There are a few reasons why this happens. First, technical resources (i.e., the ones who would derive the most benefit from support personnel and tools) are often not aware these resources exist. Consider what happens, for example, when a business unit outsources to a service provider without IT involvement. In that case, the IT security team might not even realize the relationship exists, let alone know how to use the specialized security tools and personnel available to support that relationship.
The second reason is that many times security operations (the area to which these resources are most targeted) tend to be reactive by nature (i.e. overwhelmed by "putting out fires"). For folks already struggling to keep their heads above water, learning how to best make use of vendor security features may be lower down on the priority list than fighting off the "malware du jour."
But because you've already paid for these resources, having a conversation with (both external and internal) service providers to find out what tools and personnel are already purchased -- and leveraging them -- represents capitalization on an investment already made.
In order for activities not to stagnate, assign accountability. It's a tenant of behavioral psychology that individuals tend to assume things are "someone else's job" when responsibility isn't assigned publicly and clearly. Directly assigning an individual to oversight of cloud security (i.e. finding, investigating, and governing service provider relationships) has demonstrable value.
Doing this kills a few birds with one stone: first, it's a morale-booster and show of confidence in the tapped resource (cloud is perceived as "new and interesting" so it's a free way to show recognition to a strong resource). Second, it publicly demonstrates that cloud security is something the security organization is committed to (if you don't care about it, why should staff?). Lastly, it establishes that ownership and accountability feedback loop to increase the likelihood of actually getting something done.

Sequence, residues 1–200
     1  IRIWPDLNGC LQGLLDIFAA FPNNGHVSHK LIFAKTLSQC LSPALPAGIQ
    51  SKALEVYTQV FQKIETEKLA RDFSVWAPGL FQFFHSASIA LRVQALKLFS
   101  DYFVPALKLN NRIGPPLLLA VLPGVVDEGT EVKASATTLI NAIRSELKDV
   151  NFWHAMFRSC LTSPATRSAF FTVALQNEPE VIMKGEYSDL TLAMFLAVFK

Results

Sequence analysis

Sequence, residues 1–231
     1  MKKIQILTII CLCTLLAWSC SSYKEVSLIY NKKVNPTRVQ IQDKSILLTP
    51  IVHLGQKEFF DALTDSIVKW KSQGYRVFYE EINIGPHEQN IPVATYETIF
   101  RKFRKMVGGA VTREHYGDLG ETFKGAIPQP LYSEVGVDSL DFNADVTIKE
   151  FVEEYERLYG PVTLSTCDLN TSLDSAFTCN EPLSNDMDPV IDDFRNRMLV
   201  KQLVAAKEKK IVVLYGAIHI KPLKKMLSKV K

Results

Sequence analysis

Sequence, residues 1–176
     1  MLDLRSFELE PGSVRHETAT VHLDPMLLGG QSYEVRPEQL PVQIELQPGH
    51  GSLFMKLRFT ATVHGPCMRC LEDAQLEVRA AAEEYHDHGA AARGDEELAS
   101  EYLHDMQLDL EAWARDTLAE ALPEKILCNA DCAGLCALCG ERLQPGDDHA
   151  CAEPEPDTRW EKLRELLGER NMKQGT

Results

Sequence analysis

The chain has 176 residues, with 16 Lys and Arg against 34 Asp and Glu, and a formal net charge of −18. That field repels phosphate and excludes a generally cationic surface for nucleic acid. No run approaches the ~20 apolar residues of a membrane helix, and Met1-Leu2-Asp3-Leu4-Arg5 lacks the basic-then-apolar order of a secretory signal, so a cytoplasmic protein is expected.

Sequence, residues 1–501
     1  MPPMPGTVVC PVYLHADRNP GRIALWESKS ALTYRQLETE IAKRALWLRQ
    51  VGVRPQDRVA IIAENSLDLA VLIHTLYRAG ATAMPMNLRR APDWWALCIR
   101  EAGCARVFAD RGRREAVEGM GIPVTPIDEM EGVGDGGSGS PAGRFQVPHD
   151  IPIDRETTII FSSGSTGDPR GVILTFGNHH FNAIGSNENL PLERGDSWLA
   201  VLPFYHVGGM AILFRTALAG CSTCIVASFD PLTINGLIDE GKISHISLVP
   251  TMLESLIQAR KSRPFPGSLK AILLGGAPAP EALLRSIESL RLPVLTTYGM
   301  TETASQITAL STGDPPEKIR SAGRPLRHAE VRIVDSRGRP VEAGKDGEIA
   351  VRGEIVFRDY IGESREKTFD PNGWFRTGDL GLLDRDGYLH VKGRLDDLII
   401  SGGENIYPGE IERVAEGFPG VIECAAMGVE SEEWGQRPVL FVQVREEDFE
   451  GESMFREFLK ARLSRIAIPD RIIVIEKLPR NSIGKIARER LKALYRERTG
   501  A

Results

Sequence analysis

As you ramp up your cloud deployments, the relative importance and support requirements for many of the security controls InfoSec is currently responsible for will change. For example, as you virtualize your environment and traffic shifts from "network-traversing" to "back-plane traversing," current network-IDS systems may lose visibility into that traffic. Does it make more sense to continue your current staffing levels associated with monitoring those tools in light of that shift? Or does it make sense to reallocate those folks somewhere else?
You'll find that cloud efforts can significantly shift resource utilization in many areas of network security operations (your mileage will vary, of course, depending on how and how much you use the cloud). And this isn't just true for IDS. Reporting and response activities may shift or change, along with quite a number of other security support processes. Budget-minded security organizations can and should capitalize on these changes. Ideally, you're one of those mature shops that understand how and where resources spend their time; but for many, the most effective way to respond to these changes requires managerial action.
Cloud is understandably something that's getting a lot of attention from security folks, but organizations that keep one eye on the economics at the same time as they evaluate risks are likely to be most effective. Why? Because economics are much of the driver for why cloud matters in the first place.